An Essence# class library is a container of namespaces, which in turn are containers of classestraits and/or other namespaces. Of course, that’s pretty much the definition of both of those terms in most modern programming languages, so there's nothing new there.

Here’s where Essence# diverges from the norm:

  • An Essence# class is also a namespace. It has all the same behavior, capabilities, features and functions as an Essence# namespace. And Essence# namespaces, classes and traits are objects. So they can be sent messages at run time. And those messages can modify or even totally redefine the namespace, class or trait to which they are sent.
  • It’s possible for the same class, trait or namespace to reside in multiple namespaces–even under different names–because the identity of a class, trait or namespace at runtime is a function of its identity as an object, and not a function of its name.
  • And it’s also possible for the same namespaces, classes and traits to be defined/declared in different class libraries. Two different Essence# class libraries may define completely different namespaces, classestraits and methods, or they may define all the same ones, or (far more likely) they may mostly define different namespaces, classestraits and methods, but have some (usually small) overlap. This is possible because namespaces, classestraits and methods are not created and grouped together declaratively, but instead by means of message sending. If namespaces, classes and methods were defined declaratively, then any differences between how they are declared in one class library and the way they are defined in another would create a logical contradiction, because logical declarations are universal invariants which must hold everywhere for all time. Since Essence# namespaces, classes and traits are intrinsically dynamic, differing definitions do not create a system panic: The system is designed to permit such things to change over time. So, if “the same” class can differ from itself from one moment to the next as the program runs, then it can certainly differ from itself with respect to how it is defined in various and sundry class libraries. Therefore, such differences need not–and do not–cause any errors at compile time.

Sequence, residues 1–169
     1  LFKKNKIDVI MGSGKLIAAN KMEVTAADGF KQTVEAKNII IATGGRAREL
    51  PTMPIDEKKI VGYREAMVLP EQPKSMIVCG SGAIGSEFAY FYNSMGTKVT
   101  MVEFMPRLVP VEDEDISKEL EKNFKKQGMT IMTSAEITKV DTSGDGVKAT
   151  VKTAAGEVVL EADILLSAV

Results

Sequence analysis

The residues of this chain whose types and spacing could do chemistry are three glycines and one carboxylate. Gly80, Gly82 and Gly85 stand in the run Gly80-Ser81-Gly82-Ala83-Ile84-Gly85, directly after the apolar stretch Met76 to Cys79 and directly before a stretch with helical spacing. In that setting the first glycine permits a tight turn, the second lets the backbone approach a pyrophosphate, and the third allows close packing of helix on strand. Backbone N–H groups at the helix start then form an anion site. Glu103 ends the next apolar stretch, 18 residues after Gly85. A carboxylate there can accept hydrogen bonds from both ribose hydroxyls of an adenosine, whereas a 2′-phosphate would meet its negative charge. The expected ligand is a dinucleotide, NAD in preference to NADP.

• An Essence# code base can and does contain what would, in a static language where classes are defined declaratively so that their name, form and behavior are invariants of the system, have to be treated as “logical contradictions,” and so disallowed as compilation errors. In Essence#, one dynamically specifies which class libraries will be loaded into the execution environment, and in what order. That is how different class libraries are merged together into a unified whole for a specific invocation of a program, where the last library loaded “wins” any disagreement over the definition of a namespace, class, trait or method. Even better, a class library that merely wants to extend a class by adding a method can do so without a) knowing all the methods defined for the class by any other class library, and b) without thereby deleting all those methods it knows nothing about. The same is true for any methods it modifies. To put it another way, Essence# does not operate using the “closed world assumption” that if a class library does not assert a fact about a class, then that fact must be false. The messages a class library sends that construct or modify a namespace, class or trait are never interpreted by the system as the final and complete definition of the namespace, class or trait, to the exclusion of the “declarations” made in other class libraries about the same class.